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State of Oklahoma

Posted: Oct 13, 2017 3:17 PMUpdated: Oct 13, 2017 3:17 PM

Whooping Cranes Migrating

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Ben Nicholas

Whooping cranes are North America’s tallest and most rare of birds. The last remaining wild flock has been rebuilding for decades; increasing steadily from their lowest point of 16 birds in 1941. This year, the flock continued to grow.  

The Wildlife Department compiles sightings from Oklahoma’s wildlife enthusiasts each year to help the U.S. Fish and Wildlife Service track this endangered bird’s path across our state.

Matt Fullerton, endangered species biologist for the Oklahoma Department of Wildlife Conservation says that sightings can be shared at wildlifedepartment.com.

To best help biologists monitor the birds, the date, specific location, and number of birds should be included in each report. Band information (color or number sequence), if any, will allow individual birds to be tracked across the state.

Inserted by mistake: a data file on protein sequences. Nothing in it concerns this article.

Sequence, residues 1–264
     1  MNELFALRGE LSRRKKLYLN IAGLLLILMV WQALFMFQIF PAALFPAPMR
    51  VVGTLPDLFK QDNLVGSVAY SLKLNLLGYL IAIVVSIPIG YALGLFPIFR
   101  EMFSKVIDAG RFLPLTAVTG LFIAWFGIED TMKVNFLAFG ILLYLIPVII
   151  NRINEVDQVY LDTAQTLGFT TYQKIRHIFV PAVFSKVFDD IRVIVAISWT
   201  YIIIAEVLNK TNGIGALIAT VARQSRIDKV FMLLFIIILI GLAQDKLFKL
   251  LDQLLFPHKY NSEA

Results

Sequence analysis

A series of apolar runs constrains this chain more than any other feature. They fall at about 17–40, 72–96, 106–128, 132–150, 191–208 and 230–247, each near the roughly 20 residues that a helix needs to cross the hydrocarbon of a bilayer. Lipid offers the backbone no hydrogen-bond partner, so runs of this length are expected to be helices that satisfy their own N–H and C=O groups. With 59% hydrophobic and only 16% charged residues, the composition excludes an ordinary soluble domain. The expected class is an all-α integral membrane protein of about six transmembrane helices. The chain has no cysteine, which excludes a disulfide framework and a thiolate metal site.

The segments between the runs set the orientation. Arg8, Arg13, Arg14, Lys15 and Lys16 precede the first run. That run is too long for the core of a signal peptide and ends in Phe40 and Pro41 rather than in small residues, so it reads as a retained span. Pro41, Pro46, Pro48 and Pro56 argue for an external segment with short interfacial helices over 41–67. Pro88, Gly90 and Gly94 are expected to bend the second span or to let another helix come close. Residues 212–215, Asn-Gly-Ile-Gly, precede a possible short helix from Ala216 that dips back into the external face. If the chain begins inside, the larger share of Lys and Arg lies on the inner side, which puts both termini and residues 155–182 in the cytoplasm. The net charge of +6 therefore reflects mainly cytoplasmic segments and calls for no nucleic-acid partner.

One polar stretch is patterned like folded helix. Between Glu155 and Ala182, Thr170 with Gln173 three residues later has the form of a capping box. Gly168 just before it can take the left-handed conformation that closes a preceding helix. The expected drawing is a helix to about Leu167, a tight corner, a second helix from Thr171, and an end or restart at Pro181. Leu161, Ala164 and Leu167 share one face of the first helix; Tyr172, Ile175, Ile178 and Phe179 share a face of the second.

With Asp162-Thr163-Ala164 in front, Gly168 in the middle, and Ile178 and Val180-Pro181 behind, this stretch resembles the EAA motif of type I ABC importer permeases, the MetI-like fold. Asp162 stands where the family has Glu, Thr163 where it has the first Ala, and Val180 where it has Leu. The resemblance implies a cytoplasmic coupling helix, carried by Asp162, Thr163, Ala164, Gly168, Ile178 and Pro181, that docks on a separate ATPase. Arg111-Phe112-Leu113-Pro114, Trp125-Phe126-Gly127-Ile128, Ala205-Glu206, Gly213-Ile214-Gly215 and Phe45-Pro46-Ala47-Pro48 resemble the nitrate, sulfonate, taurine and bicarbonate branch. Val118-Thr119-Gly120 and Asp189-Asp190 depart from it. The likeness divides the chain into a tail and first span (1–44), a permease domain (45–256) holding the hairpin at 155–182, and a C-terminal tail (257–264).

Most whooping cranes are reported in Oklahoma from mid-October through November. Sightings often come from western Oklahoma, typically east of Guymon and west of Interstate 35.

The bird's final destination, Aransas National Wildlife Refuge, was hard hit by the recent hurricane but biologists are optimistic the cranes will adjust to the new conditions.

Contact Fullerton at (580) 571-5820 or Mark Howery, wildlife diversity biologist for the Wildlife Department, at (405) 990-7259 to learn more about whooping cranes or to report a sighting offline.


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